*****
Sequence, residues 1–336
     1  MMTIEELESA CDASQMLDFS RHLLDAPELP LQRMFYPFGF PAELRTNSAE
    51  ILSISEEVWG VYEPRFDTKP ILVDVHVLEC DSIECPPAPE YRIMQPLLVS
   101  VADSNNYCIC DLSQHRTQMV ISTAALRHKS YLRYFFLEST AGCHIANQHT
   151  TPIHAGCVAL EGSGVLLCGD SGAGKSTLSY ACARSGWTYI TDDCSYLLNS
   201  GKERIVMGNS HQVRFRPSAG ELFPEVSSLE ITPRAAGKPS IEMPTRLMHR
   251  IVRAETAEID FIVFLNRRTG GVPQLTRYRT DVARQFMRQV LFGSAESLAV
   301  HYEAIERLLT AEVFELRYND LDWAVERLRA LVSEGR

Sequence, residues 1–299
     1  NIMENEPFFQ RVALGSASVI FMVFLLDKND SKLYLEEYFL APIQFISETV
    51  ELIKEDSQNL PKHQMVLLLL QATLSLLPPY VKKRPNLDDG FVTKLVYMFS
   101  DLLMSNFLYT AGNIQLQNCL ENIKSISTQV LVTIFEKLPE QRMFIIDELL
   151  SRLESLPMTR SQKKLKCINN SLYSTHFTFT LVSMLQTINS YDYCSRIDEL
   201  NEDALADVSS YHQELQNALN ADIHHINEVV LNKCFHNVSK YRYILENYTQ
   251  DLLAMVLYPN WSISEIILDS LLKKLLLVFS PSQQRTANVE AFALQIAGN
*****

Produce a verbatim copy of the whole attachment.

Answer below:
Sequence, residues 1–336
     1  MMTIEELESA CDASQMLDFS RHLLDAPELP LQRMFYPFGF PAELRTNSAE
    51  ILSISEEVWG VYEPRFDTKP ILVDVHVLEC DSIECPPAPE YRIMQPLLVS
   101  VADSNNYCIC DLSQHRTQMV ISTAALRHKS YLRYFFLEST AGCHIANQHT
   151  TPIHAGCVAL EGSGVLLCGD SGAGKSTLSY ACARSGWTYI TDDCSYLLNS
   201  GKERIVMGNS HQVRFRPSAG ELFPEVSSLE ITPRAAGKPS IEMPTRLMHR
   251  IVRAETAEID FIVFLNRRTG GVPQLTRYRT DVARQFMRQV LFGSAESLAV
   301  HYEAIERLLT AEVFELRYND LDWAVERLRA LVSEGR

Sequence, residues 1–299
     1  NIMENEPFFQ RVALGSASVI FMVFLLDKND SKLYLEEYFL APIQFISETV
    51  ELIKEDSQNL PKHQMVLLLL QATLSLLPPY VKKRPNLDDG FVTKLVYMFS
   101  DLLMSNFLYT AGNIQLQNCL ENIKSISTQV LVTIFEKLPE QRMFIIDELL
   151  SRLESLPMTR SQKKLKCINN SLYSTHFTFT LVSMLQTINS YDYCSRIDEL
   201  NEDALADVSS YHQELQNALN ADIHHINEVV LNKCFHNVSK YRYILENYTQ
   251  DLLAMVLYPN WSISEIILDS LLKKLLLVFS PSQQRTANVE AFALQIAGN